It also requires that you take the time when they lie or make mistakes, are irresponsible or make poor choices, to keep the relationship first. Rather than being reactive, focus on building trust and being a safe place.

It’s easy to react in frustration, anger, and fear. However, this approach is usually ineffective and actually backfires.

Think about what the goal is in confronting your tween or teen about lying and will it be effective? 

The goal in our relationship with our kids is to foster trust, build a stronger relationship with them, and increase the likelihood that your tween or teen will tell the truth and take proactive steps when you do catch them lying to you.

Important questions to ask yourself –

Are you fostering a relationship with them where they feel like they can be honest with you without you freaking out, criticizing, or punishing them?

Are you parenting them more out of a spirit of fear and mistrust or seeking to understand where they are coming from and what they might need?

Do they trust you to not make it about yourself and how it reflects on you? That you want to support them to make good decisions because of your care and concern for them?

Here’s a sample conversation you might want to have.

I want you to have a relationship with me where you can tell me the truth and we can talk about it.

I understand that you are getting older and you’re not always going to want to tell me everything.

Trust and honesty are important. If we lie it’s difficult for me to trust you moving forward. It hurts our relationship and it doesn’t make you feel good either. It’s like a splinter that is always there, that sucks energy and weighs us down and I don’t want that for you or for our relationship.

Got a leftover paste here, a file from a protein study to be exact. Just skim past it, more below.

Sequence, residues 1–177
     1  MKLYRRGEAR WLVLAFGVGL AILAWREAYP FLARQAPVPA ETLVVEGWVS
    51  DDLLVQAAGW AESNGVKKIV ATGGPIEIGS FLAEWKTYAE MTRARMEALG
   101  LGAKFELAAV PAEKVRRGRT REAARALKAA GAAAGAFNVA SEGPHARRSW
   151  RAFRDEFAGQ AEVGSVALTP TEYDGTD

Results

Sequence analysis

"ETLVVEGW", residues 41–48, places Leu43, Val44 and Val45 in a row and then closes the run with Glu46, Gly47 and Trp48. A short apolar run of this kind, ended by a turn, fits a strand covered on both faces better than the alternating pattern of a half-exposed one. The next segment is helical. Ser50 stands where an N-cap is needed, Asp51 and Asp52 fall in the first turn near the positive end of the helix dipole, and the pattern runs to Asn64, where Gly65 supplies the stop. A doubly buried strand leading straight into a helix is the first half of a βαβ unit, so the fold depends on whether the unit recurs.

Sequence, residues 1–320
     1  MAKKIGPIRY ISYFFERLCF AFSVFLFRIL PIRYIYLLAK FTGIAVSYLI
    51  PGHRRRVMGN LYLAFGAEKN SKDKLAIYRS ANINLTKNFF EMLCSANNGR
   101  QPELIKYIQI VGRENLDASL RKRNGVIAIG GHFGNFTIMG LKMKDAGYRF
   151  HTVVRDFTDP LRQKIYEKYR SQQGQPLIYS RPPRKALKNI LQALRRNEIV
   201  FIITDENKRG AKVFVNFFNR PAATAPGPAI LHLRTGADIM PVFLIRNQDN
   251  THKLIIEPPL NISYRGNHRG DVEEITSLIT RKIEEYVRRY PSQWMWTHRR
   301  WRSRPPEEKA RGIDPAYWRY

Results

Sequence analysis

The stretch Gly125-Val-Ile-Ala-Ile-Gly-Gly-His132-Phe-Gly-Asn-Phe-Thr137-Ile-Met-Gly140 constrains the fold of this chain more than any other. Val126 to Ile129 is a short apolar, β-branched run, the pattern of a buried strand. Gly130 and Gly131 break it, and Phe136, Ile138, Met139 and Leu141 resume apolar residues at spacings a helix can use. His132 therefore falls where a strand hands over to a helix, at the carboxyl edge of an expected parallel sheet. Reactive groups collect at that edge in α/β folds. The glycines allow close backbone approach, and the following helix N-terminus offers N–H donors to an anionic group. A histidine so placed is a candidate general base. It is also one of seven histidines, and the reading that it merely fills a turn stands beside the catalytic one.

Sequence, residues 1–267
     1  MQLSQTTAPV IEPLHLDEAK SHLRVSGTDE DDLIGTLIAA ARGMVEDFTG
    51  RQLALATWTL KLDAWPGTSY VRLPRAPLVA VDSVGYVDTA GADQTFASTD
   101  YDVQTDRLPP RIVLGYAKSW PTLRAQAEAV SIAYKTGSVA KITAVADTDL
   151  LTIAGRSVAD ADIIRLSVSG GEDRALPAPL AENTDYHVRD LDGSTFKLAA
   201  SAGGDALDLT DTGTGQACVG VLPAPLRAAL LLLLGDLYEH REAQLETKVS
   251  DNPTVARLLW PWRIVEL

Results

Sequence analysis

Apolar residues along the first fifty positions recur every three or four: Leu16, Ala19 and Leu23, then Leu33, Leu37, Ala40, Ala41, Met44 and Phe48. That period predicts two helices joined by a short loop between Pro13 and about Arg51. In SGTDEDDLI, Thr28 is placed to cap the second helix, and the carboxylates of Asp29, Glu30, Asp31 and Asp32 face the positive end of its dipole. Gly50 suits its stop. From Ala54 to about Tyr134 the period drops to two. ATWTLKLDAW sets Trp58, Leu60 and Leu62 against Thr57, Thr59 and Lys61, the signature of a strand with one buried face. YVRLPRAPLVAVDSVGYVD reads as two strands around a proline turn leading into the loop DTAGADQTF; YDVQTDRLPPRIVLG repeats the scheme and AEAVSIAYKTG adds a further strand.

I want you to come to me and talk to me. If you’re tempted to break a rule, come and talk to me first and let’s talk about how we might work it out.


4. Avoid being punitive and punishing.

When you catch your kid lying to you it’s really easy to say, “I can’t believe you lied to me! You’re grounded!” 

However, this immediately shuts down the conversation.

Grounding kids and taking away privileges is a quick and easy way that we can believe will lessen the likelihood that they will lie again. However, while this might appear to work short term, it doesn’t work very well and won’t stop them from lying the next time. 

Why tell the truth if your parents are going to punish you? What does this teach them for next time when they don’t turn in that homework assignment – you’re not asking them what they might need.

Punishment doesn’t help them to problem-solve. Punishment cuts off helpful conversations that can support them to make better decisions in the future. 


5. Give them an opportunity to talk.

Adolescents can tend to be impulsive (here’s some of the reasons why). They are so in the moment that they don’t connect cause and effect. They want to fit in and belong. All of this is happening all at once. How we can help them is to give them an opportunity to talk. This is how they can make better decisions in the future.

How to do this – 

If you are too angry in the moment when you discover they lied, wait and tell them you will talk about it later.

Once you’ve calmed down, give them a chance to share what they were thinking and feeling.

Listen to what they have to say.

Ask them what they might do differently next time.

Avoid being judgmental. 

Validate their feelings.

When it comes to lying about homework sometimes they don’t know how to advocate for themselves, ask for help, or they lack the skills to say no to their friends. 

Talking to them helps them to make those important connections to grow and develop into a healthy and mature adult

Provide them with the opportunity – 

To learn how choices lead to either positive or negative outcomes.